• All done in class in an open book environment

  • One unit paper per unit

    • Include some independent research (including specified number of articles

    • Higher expectations for length and quality

    • 2-5 pages long (800 words = middle school; 2,100 words = high school)


Close reading
Close Reading

  • Read

  • Think

  • Make connections



Backward planning
Backward Planning

  • Select the task.

  • Choose the pieces.

  • Determine sequencing and necessary content.

  • Create mini-lessons.



7 th grade history cold war era and after
7th Grade HistoryCold War Era and After

Time Period: 4th 9 weeks

Topics:

World politics and economics

Communism

World conflicts

Women’s opportunities

Units Covered:

Political and economic ideologies of the US and Soviet Union (2 weeks)

Spread of Communism (1 weeks)

Collapse of the Soviet Union and Communist governments (2 weeks)

Ongoing conflicts in the Middle East (2 weeks)

Social, economic, and political opportunities for women (2 weeks)


Task: After researching the Cold War and the ongoing conflicts in the Middle East, write an essay which argues your position on America’s involvement during both of these conflicts. Give your informed but personal evaluation that explains why you think America should or should not have been involved in each of these conflicts. Your essay must be at least 800 words in length.


Cold war era lesson sample
Cold War Era Lesson Sample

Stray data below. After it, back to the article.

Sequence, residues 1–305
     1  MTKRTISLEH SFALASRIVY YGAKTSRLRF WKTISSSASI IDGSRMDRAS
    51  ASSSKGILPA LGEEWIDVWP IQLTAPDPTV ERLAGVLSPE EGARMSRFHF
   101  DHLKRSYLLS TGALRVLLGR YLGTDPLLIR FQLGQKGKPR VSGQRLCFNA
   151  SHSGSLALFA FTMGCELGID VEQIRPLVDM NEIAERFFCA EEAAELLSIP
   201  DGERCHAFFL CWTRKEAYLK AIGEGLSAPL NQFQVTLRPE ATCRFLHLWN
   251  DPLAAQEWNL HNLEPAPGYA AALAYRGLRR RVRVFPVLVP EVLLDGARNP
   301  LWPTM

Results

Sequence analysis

• Anticipatory Set: Listen to and excerpt from President Truman’s Congressional address. What do you notice about how President Truman speaks? Do you think this was effective for what he was trying to accomplish? Why or why not?

    ** The Truman Doctrine arose from a speech delivered by President Truman before a joint session of Congress on March 12, 1947. The immediate cause for the speech was a recent announcement by the British Government that, as of March 31, it would no longer provide military and economic assistance to the Greek Government in its civil war against the Greek Communist Party. Truman asked Congress to support the Greek Government against the Communists. He also asked Congress to provide assistance for Turkey, since that nation, too, had previously been dependent on British aid.

  • Interactive Lecture: More in-depth notes about the Truman Doctrine and the Marshall Plan (reasons for them, causes and effects of them, etc.)

  • Close Read: The Marshall Plan documents

  • Discussion: Students pair-share their notes from close read while adding new insights and observations. The teacher monitors the discussions while walking around the room and guides students if needed.


Ancient civilizations lesson
Ancient Civilizations Lesson